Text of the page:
The Santa Cruz Mission: Open the Door to History

Mission Santa CruzMost of us who either grew up or are raising kids in California have some memory of doing a California Mission project in elementary school. We remember driving with our families to the closest Mission, snapping pictures and wandering around the chapels, building replicas, and, of course, the glue. So much glue.

When I realized that Santa Cruz had its own piece of state history in the form of the Mission Santa Cruz, I knew I had to check it out, and it didn’t disappoint.

Located off Mission Street (where else?), just a bit past The Abbey, Mission Santa Cruz is nestled into a peaceful little park, protected from the nearby traffic of downtown. The adobe building with traditional Spanish roof tiles sits adjacent to the Holy Cross Church and eponymous parochial school, which means visiting the site today will still give you the active feel that must have been around in the Mission’s heyday.

While almost everyone can recall the experience of visiting a Mission, what we might be fuzzy on is the actual history of the California Missions. In the 1700s, Spanish Catholic priests started building Missions as a way to extend their culture and religion to the California natives (this was, of course, before California was part of the United States).

In 1791, Father Fermin Francisco founded the Santa Cruz Mission. The site mostly served as a place to convert Ohlone Indians, a tribe native to the Santa Cruz region that still has activists in town to this day. But the spreading of the Word didn’t last long the first time around — just a year later, the San Lorenzo River flooded the original Mission building. In 1793, a grander church was built on higher ground. This is where Holy Cross Church sits today.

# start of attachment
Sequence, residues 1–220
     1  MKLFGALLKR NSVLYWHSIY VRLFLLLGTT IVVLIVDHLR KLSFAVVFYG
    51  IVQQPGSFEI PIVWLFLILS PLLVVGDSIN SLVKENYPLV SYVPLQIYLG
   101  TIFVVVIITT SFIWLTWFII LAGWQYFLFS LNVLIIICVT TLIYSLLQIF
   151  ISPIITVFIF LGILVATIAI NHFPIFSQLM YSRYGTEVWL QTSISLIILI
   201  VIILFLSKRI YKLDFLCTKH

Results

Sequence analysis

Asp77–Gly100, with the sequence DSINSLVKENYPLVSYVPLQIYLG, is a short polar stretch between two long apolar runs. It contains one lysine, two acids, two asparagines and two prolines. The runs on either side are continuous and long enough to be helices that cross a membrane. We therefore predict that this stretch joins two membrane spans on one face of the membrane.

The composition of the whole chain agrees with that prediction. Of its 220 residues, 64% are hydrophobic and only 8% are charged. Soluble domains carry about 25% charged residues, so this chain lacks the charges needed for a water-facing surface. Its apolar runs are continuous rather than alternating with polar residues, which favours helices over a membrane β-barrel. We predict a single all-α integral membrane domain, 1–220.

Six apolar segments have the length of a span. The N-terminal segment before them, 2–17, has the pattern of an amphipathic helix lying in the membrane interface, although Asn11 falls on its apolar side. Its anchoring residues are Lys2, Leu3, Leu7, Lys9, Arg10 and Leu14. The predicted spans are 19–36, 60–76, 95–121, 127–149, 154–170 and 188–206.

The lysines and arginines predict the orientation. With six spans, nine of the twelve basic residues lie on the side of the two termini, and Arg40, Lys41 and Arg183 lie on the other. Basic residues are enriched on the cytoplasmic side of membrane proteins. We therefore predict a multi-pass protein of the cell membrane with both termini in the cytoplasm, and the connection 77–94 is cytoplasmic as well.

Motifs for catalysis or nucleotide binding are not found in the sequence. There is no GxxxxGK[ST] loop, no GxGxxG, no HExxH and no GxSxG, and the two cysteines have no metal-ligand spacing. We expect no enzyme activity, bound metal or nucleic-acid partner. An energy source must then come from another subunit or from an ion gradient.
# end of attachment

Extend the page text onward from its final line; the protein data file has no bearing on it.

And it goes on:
Fast forward a little over 200 years, and the Mission as it is today has two main attractions: a replica building with a chapel, courtyard, and gift shop; and a piece of a building that is the only remaining part of the original Mission still standing.

The replica building is a great place to start. Open after ten am Tuesday through Sunday, this little building has a beautiful chapel (you can even go to Mass there Mon-Fri at 8:30 am), a peaceful courtyard with statues depicting different important people in Mission history, and a gift shop with cards, books, and even a guide to building a California Mission project (score to parents everywhere!).

After lighting a candle for your loved ones and getting plenty of pictures of your kids with the different statues in the courtyard, mosey one block over from the Plaza to the original adobe, which once served as housing to Native American residents of the Mission. Have your kids feel the chalky, rough adobe, walk around the sprawling green lawn, and let their imaginations run wild.

It’s also a great way to educate them about the Native American experience in a way that hits close to home, as the adobe portion of the Mission is used as a way to explore history through the focus of the Ohlone people.

So the next time you’re looking for a reason to pull your kids away from the video games, keep Mission Santa Cruz in mind. A whole new experience, and a way to connect with local history, are right down the street.

About Blair Stenvick

Blair Stenvick is a freelance writer who has lived in Santa Cruz for four years.

Comments

  1. I just love this mission!There is tons of facts, tons of funthings to do, and many more!!!!

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